In places where it is legal to bait deer, it is often a debate about what is the best substance to use. Do we use a commercially produced attractant?  Head to the feed store for a truck load of corn? Load up on acorns? In the past, I’ve been a corn man. A truck load of corn is pretty cheap, easy to get and deer love it. However, many people have different views on what attracts a deer to a bait pile.

I’ve always heard, or intuited that deer need the nutrition, protein and carbohydrates, to prepare their bodies for the winter. Corn is high in both, and my experience has been that they love corn and will slurp it down like there is no tomorrow. However, I’ve found many accounts saying that acorns have the same effect.

Of course there are other attractants that work. Another common trick is to go with a mineral based attractant. Minerals have the benefit of not being considered bait in some states, so they may be attractive for humans as well as deer. Also there are a lot of mineral deprived areas, where adding a mineral block, or loose minerals as bait can really bring in the deer. Another reason to use mineral based bait is you can easily find them in any feed store, and they are relatively cheap. 

Then there are commercial based food attractants. I’ve used an apple based one before and was successful, but when you have to buy a small bag of a commercially produced and developed product, it can quickly become expensive. However, I’ve heard of hunters that have used vanilla extract, almond extract and even peanut butter to draw in deer. Of course, there are commercial deer pheromone and urine scented products as well. One benefit of using a scent over a food is that many states don’t recognize them as bait.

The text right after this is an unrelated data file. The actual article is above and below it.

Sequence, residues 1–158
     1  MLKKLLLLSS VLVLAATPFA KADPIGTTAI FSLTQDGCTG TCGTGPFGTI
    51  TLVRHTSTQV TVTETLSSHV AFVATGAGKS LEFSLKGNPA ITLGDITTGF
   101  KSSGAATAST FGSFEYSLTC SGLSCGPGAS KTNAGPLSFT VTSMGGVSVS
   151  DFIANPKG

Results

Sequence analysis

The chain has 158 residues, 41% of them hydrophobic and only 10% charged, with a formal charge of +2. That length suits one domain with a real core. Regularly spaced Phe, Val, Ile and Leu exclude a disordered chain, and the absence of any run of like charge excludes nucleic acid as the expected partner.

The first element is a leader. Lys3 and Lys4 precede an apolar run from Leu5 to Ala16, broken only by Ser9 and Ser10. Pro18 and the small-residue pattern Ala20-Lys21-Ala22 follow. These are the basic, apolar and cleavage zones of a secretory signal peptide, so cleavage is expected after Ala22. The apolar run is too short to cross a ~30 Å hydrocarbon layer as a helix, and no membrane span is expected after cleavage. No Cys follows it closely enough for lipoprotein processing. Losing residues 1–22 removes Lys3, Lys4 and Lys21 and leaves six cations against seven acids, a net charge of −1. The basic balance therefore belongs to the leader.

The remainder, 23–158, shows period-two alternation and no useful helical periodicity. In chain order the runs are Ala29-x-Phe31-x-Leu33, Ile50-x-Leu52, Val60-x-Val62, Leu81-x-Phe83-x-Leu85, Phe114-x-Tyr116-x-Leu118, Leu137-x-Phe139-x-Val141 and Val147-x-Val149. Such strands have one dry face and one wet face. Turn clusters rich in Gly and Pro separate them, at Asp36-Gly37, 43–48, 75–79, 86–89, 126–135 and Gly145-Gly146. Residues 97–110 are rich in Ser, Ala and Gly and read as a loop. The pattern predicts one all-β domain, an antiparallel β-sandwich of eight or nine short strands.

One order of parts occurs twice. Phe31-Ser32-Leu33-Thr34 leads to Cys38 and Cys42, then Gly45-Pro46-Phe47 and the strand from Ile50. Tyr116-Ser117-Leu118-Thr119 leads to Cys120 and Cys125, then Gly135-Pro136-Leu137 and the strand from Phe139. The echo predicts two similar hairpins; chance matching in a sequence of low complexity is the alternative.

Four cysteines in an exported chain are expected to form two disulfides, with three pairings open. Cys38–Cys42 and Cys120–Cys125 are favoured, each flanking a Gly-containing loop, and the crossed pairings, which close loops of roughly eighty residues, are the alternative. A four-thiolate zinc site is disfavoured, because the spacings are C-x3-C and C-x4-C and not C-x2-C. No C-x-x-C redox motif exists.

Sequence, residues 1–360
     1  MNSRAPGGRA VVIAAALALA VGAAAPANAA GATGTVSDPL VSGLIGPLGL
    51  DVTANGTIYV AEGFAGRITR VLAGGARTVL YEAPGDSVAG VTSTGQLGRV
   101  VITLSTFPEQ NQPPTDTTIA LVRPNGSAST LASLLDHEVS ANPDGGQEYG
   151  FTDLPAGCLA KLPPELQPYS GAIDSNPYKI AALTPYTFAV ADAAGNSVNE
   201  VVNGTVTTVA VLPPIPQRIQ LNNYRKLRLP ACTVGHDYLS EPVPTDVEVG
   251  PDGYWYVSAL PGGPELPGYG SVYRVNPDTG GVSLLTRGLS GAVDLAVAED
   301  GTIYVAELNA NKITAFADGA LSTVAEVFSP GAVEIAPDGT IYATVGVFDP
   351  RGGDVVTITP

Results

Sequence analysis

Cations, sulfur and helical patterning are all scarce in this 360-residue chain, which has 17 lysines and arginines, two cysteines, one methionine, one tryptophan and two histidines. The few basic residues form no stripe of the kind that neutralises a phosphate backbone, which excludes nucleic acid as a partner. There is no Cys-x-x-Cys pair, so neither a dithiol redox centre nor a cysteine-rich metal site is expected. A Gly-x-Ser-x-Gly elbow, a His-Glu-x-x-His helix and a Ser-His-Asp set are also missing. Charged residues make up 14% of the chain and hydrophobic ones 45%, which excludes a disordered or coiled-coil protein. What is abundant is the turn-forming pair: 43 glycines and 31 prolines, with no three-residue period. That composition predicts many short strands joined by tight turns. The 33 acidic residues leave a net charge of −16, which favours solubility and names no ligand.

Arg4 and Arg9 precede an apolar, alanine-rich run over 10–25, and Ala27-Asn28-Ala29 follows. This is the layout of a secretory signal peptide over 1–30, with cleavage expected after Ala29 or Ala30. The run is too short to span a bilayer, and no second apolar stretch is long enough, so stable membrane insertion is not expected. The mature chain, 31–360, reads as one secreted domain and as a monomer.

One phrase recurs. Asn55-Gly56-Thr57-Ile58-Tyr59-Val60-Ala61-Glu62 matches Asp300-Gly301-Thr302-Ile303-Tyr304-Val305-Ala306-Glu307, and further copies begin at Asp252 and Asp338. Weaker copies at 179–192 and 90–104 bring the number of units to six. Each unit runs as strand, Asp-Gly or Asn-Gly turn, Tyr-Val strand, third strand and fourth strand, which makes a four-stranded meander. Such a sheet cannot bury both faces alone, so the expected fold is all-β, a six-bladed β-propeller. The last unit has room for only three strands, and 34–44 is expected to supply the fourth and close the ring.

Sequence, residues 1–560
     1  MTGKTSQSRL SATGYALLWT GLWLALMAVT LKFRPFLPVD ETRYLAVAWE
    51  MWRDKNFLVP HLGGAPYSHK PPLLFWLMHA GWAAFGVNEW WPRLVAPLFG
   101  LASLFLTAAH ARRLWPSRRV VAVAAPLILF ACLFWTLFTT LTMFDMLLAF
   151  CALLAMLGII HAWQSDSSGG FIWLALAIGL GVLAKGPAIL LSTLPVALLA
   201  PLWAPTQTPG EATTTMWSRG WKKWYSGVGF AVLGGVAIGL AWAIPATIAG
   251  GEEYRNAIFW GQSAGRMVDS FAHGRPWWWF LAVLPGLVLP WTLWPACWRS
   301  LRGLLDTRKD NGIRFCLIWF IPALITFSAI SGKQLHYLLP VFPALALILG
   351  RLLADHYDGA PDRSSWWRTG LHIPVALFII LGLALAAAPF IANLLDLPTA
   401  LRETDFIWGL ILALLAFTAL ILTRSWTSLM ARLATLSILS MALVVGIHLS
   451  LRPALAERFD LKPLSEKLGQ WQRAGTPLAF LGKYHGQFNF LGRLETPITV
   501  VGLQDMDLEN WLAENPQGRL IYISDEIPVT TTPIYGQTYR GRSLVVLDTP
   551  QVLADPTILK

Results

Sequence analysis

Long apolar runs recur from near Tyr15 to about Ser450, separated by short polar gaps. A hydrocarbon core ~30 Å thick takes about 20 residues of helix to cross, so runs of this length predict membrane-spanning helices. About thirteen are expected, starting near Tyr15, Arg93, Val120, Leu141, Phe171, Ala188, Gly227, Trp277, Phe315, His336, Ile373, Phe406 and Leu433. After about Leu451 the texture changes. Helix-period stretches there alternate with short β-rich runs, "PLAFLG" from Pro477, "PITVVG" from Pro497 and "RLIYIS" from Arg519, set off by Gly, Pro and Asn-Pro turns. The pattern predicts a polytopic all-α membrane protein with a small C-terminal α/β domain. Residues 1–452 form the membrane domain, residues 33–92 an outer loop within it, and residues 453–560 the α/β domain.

The newest (old) proven deer product is chestnuts. I hadn’t heard of this until recently, because even though the eastern US used to be covered with chestnut trees, they were wiped out between 1904 and 1940 by a disease. However, claims on the internet say that deer in those areas are genetically programmed to eat chestnuts. Even Dr. Deer (James Kroll) himself has said that deer will choose chestnuts over any other food product one hundred percent of the time. Since I didn’t know much about them, I looked them up and chestnuts are higher in protein and carbohydrates than other foodstuffs. Whether deer like them or not, they are the best food nutritionally for deer.

So what is best?  I believe that the chestnuts probably are; however, I have to look at an all-around view. Can I create a bait that will bring deer around for a while? If so, I need quantity.  Frankly, for quantity I need to have an economical choice. For me, that means corn and minerals. If I wanted a healthier deer herd, I’d plant food plots, but if I can establish a busy site below a tree stand that’s good enough for me.